Slow Times in the Kitchen

You’ve heard of slow cooking, but what is “slow parenting”?


No, it doesn’t mean putting our kids in a slow cooker and simmering them until they are adults – as attractive as that may seem on bad days.


Slow parenting is an emerging trend that encourages us to slow down, discover the important activities in life and take the time to concentrate on those. The idea has been credited to author Carl Honore whose book, The Power of Slow, urges us to keep the family schedule under control so that everyone has enough downtime to rest, reflect and just hang out together.


At Kids Culinary Adventures, slow parenting takes the form of gathering your family around the kitchen table. This year, designate a day each week to prepare a meal together, and allow the kids to be a part of it.


Many parents say they enjoy having their kids “help” in the kitchen, but it often ends up with Mom cooking and kids stirring and tasting. What parents need to do is pique their kids’ interest in how to cook. Not only will family cooking be a fun activity, parents may get some much needed help.


Take, for instance, kitchen gadgets. While parents and caregivers may see an overstuffed utensil drawer needing to be cleaned out, kids see a bunch of shiny, interesting tools that mom and dad use every day. Take the time to teach them how to use these kitchen “toys” safely and effectively.


Given the right equipment and proper training, your child will be able to manage peelers, paring knives and other kitchen gear with surprising dexterity and confidence. Keep in mind, you know your child best – be aware of what they will be comfortable using, and always keep safety as a top priority.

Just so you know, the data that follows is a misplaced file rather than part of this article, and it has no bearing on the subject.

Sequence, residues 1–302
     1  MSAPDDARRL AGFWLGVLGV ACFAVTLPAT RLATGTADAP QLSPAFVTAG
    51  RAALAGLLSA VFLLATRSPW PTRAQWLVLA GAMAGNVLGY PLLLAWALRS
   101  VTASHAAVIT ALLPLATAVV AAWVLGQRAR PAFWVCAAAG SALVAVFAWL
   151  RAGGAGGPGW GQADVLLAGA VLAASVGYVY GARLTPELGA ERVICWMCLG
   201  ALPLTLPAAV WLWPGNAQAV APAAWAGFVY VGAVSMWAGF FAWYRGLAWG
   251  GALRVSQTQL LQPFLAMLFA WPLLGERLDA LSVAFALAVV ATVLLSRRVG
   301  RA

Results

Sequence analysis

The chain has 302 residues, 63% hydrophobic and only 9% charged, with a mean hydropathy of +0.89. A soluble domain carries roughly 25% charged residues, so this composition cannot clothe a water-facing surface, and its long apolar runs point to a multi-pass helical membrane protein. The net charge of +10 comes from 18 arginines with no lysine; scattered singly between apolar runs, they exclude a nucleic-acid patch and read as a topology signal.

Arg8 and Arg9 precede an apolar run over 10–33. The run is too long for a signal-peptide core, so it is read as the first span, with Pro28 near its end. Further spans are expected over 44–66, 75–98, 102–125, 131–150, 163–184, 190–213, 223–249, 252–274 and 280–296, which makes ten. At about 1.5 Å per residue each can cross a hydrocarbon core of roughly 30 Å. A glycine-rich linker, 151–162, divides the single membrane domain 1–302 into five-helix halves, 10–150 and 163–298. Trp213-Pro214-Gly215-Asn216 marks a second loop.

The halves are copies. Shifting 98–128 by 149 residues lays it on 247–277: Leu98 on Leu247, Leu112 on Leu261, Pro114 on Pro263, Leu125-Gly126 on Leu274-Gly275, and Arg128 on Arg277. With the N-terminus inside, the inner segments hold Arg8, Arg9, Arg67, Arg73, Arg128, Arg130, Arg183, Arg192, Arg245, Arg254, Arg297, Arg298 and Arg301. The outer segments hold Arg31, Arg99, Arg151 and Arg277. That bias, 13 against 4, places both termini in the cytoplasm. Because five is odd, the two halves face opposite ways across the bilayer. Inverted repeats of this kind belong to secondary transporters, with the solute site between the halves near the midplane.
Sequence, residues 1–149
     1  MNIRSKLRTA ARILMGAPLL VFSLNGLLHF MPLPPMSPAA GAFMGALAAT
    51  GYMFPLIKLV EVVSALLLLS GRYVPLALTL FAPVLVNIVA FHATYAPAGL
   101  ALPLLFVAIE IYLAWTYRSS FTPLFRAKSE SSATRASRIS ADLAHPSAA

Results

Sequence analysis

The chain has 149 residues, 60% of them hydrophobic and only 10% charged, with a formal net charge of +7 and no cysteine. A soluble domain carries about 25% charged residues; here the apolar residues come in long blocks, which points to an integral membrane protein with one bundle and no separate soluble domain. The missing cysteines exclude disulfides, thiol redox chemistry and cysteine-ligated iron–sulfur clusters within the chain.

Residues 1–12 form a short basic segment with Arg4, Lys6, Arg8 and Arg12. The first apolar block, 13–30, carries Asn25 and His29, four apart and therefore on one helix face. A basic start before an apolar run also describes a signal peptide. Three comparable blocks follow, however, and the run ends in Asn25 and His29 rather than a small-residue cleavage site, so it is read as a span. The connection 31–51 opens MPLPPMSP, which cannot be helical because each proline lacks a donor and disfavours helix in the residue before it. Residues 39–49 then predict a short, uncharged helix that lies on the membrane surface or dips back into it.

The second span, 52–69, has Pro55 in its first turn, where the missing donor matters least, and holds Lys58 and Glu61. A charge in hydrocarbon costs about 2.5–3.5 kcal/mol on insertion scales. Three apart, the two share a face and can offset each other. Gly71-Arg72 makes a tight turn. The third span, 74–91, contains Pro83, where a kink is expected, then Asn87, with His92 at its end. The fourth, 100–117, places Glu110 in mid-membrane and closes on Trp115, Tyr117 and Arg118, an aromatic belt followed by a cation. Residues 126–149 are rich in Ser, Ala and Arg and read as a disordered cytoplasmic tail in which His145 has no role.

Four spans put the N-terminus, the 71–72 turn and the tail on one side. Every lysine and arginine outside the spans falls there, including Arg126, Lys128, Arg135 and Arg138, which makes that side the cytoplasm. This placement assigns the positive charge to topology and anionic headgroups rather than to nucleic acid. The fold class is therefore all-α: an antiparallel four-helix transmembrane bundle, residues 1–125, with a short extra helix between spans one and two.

Following are some fun and helpful kitchen tasks for kids.


Under 7 years


  • Measuring, adding ingredients, stirring, kneading or mixing ingredients by hand, shaping dough, spreading, mashing, shredding or tearing herbs and lettuces.
  • Shucking peas and legumes;
  • Shopping, test tasting and cleanup.


Children 7 to 9 years


Peeling: Guide a small hand with your own hand at first. The more often they hear, “Always peel away from your hands, not toward them,” the better. Have them peel over a paper towel for easy clean up.


Children 11 and 12 years


Cutting with a paring knife: While peeling long vegetables like carrots, help keep their hands and the peeler further and further apart from one another. Then, have them slice vegetables that offer a little less resistance and are easier to cut, such as zucchini and peeled cucumbers.


Kids 13 and older


Cutting with larger knives: Young teens are ready to take on more sophisticated cooking chores such as cutting and slicing more than veggies. But even though these kids show more dexterity, keep an eye on them. Usually this age breeds confidence which will lead to increased speed, and increased speed can lead to cuts. A gentle reminder to slow down is often the best way to keep someone on the right road. Make sure all your knives are sharp. If by chance someone does get a cut from a sharp knife, the cut won’t be as bad as one from a dull knife. Keep your cutting board on top of a damp towel to prevent it from moving and always work clean – it’s safer.


Once you and your children are comfortable with their talents in the kitchen, you’ll discover a brand new hobby. Who knows – Family Cooking Night may replace Family Game Night as the most popular activity you can all do together.


Gigi Gaggero, a mother of two, is a former dean of students at the California Culinary Academy and the founder of Kids Culinary Adventures, which offers cooking classes and summer culinary camps. For more information, visit

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